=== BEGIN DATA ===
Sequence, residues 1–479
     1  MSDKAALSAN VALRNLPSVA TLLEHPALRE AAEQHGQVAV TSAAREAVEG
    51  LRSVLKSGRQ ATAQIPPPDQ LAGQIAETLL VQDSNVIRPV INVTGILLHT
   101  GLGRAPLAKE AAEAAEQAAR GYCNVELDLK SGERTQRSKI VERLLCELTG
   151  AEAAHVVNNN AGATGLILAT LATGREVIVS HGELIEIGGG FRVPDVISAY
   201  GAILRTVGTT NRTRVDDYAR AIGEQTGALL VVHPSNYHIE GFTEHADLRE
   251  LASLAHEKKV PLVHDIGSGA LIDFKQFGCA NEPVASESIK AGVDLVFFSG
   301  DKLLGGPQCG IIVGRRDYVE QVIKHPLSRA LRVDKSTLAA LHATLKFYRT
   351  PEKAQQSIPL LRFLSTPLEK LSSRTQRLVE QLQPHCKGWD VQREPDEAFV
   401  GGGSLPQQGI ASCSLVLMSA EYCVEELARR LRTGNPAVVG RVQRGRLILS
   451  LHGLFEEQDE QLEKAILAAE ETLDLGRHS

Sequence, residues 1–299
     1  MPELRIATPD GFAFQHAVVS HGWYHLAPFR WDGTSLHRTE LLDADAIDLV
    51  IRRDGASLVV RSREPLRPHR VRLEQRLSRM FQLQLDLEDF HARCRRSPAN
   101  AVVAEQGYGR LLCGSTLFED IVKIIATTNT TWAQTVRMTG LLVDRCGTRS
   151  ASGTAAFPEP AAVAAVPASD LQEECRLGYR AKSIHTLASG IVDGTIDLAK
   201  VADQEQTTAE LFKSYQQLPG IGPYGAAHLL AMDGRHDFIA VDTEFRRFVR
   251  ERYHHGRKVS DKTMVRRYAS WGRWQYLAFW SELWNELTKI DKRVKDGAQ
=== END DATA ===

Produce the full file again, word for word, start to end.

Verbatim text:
Sequence, residues 1–479
     1  MSDKAALSAN VALRNLPSVA TLLEHPALRE AAEQHGQVAV TSAAREAVEG
    51  LRSVLKSGRQ ATAQIPPPDQ LAGQIAETLL VQDSNVIRPV INVTGILLHT
   101  GLGRAPLAKE AAEAAEQAAR GYCNVELDLK SGERTQRSKI VERLLCELTG
   151  AEAAHVVNNN AGATGLILAT LATGREVIVS HGELIEIGGG FRVPDVISAY
   201  GAILRTVGTT NRTRVDDYAR AIGEQTGALL VVHPSNYHIE GFTEHADLRE
   251  LASLAHEKKV PLVHDIGSGA LIDFKQFGCA NEPVASESIK AGVDLVFFSG
   301  DKLLGGPQCG IIVGRRDYVE QVIKHPLSRA LRVDKSTLAA LHATLKFYRT
   351  PEKAQQSIPL LRFLSTPLEK LSSRTQRLVE QLQPHCKGWD VQREPDEAFV
   401  GGGSLPQQGI ASCSLVLMSA EYCVEELARR LRTGNPAVVG RVQRGRLILS
   451  LHGLFEEQDE QLEKAILAAE ETLDLGRHS

Sequence, residues 1–299
     1  MPELRIATPD GFAFQHAVVS HGWYHLAPFR WDGTSLHRTE LLDADAIDLV
    51  IRRDGASLVV RSREPLRPHR VRLEQRLSRM FQLQLDLEDF HARCRRSPAN
   101  AVVAEQGYGR LLCGSTLFED IVKIIATTNT TWAQTVRMTG LLVDRCGTRS
   151  ASGTAAFPEP AAVAAVPASD LQEECRLGYR AKSIHTLASG IVDGTIDLAK
   201  VADQEQTTAE LFKSYQQLPG IGPYGAAHLL AMDGRHDFIA VDTEFRRFVR
   251  ERYHHGRKVS DKTMVRRYAS WGRWQYLAFW SELWNELTKI DKRVKDGAQ